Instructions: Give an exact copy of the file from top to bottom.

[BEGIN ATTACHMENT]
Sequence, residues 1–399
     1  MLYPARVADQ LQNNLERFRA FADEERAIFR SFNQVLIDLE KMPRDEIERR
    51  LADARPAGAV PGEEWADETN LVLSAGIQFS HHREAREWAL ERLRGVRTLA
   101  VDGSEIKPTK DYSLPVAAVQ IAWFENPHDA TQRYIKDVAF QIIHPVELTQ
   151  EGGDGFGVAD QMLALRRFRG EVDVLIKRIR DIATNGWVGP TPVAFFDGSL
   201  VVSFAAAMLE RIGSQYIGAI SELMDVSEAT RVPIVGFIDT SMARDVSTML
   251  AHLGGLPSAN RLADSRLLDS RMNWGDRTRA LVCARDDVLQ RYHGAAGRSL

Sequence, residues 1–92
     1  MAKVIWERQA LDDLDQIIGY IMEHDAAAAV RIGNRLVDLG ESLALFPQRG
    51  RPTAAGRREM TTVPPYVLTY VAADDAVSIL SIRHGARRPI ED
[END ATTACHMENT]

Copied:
Sequence, residues 1–399
     1  MLYPARVADQ LQNNLERFRA FADEERAIFR SFNQVLIDLE KMPRDEIERR
    51  LADARPAGAV PGEEWADETN LVLSAGIQFS HHREAREWAL ERLRGVRTLA
   101  VDGSEIKPTK DYSLPVAAVQ IAWFENPHDA TQRYIKDVAF QIIHPVELTQ
   151  EGGDGFGVAD QMLALRRFRG EVDVLIKRIR DIATNGWVGP TPVAFFDGSL
   201  VVSFAAAMLE RIGSQYIGAI SELMDVSEAT RVPIVGFIDT SMARDVSTML
   251  AHLGGLPSAN RLADSRLLDS RMNWGDRTRA LVCARDDVLQ RYHGAAGRSL

Sequence, residues 1–92
     1  MAKVIWERQA LDDLDQIIGY IMEHDAAAAV RIGNRLVDLG ESLALFPQRG
    51  RPTAAGRREM TTVPPYVLTY VAADDAVSIL SIRHGARRPI ED